A Korean Halloween Crowd Surge Has Left Student’s Dad “Haunted”


Inside Edition has an interview with the father of a South Korean college student who was killed during the Halloween crowd surge in Seoul. 

Steve Blesi’s son Steven, a 20-year-old college student from Georgia, was visiting the country on a study abroad program. 

“I texted him, I guess it was like an hour or so before this tragedy happened, saying, ‘I know you’re out and about, but I love you. Be careful. Be safe.’ That was the last text between us. There was no response,”Steve Blesi.

Hours later, Steve learned his son was one of 155 people crushed to death in the disaster in the capital city’s nightclub district. He says he’s haunted by the manner of his son’s death.  

“It’s not an easy way to go. It’s a horrible way to go. It’s like drowning, but above water,”Steve said.

Anne Marie Gieske was the other American student killed in the tragedy. She was a student in the University of Kentucky. She was Brad Wenstrup’s niece, an Ohio congressman who called her. “a gift from God to our family.”

The streets were jammed with Halloween revelers dressed in their best, but only 137 police officers were able to keep the crowd under control. It happened in a narrow alley that was only 14 feet wide.

Dr. Sophia Akhiyat from Florida was on vacation in Seoul. She took video of the crush just before it happened and said she fled because it was too busy. She returned an hour later to find a terrifying scene.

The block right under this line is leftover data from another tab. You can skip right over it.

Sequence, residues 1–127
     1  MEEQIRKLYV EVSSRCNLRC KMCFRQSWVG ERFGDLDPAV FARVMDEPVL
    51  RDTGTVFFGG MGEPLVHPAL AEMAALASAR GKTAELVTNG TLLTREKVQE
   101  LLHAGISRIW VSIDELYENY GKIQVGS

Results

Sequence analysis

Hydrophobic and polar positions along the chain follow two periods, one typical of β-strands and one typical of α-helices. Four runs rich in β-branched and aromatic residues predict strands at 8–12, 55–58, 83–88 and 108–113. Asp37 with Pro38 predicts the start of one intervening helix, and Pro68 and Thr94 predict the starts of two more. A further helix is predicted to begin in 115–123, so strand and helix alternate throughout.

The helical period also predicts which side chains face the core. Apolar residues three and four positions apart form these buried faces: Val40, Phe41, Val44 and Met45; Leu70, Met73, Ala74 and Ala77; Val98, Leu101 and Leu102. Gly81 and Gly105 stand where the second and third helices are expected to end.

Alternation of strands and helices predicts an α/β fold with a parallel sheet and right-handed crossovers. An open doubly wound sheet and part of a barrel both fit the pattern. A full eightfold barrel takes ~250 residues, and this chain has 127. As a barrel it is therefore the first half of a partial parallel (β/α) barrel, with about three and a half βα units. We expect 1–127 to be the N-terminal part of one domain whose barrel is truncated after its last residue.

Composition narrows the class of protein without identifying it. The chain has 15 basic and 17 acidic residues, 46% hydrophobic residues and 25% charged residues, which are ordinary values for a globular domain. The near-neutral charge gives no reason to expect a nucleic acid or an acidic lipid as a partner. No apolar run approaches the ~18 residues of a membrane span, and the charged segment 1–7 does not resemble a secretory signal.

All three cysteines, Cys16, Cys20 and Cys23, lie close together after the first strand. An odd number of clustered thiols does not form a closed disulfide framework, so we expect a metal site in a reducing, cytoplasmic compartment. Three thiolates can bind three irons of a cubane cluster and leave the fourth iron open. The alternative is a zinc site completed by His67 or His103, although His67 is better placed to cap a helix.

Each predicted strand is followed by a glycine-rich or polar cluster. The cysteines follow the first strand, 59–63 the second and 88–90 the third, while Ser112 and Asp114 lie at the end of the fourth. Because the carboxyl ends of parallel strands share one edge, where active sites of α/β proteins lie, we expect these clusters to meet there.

“I just did the best I could with both giving CPR and directing it, but we realized that many of these people had actually died already,” Akhiyat said. 

Crowd safety expert Paul Wertheimer tells Inside Edition one of the most important things you can do if faced with a crowd surge is to get into a boxer’s stance with your feet apart and arms in front of your chest in order to make space between the person in front of you. In order to preserve oxygen, Wertheimer also recommends that you not shout or scream.

Crowd surge or crowd crush is a sudden and powerful movement that some liken to feeling the ocean waves or ocean tides. When too many people are packed tightly in a limited xpace, something causes the crowd’s to shift or move. This can happen in the form of someone falling or pushing from the rear of a crowd towards the front. When a crowd surge or crush occurs, people are pushing into each other from various points, making it hard to breathe because people need space for their lungs to expand.

It takes six minutes to enter compressive or restrictive asthma, which is the most likely cause of death in people who are crushed, according to G. Keith Still, a crowd safety expert, visiting professor of crowd science at University of Suffolk in England. The Washington Post

People can die standing up or falling in chaos. The pressure exerted by the bodies above can cause breathing difficulties and can lead to death. 

“As people struggle to get up, arms and legs get twisted together. Blood supply starts to be reduced to the brain,” Still told NPR last year after a crowd surge at Astroworld killed 10 people. 

Because it was the first Halloween celebration in South Korea in three years, the crowd was particularly crowded.

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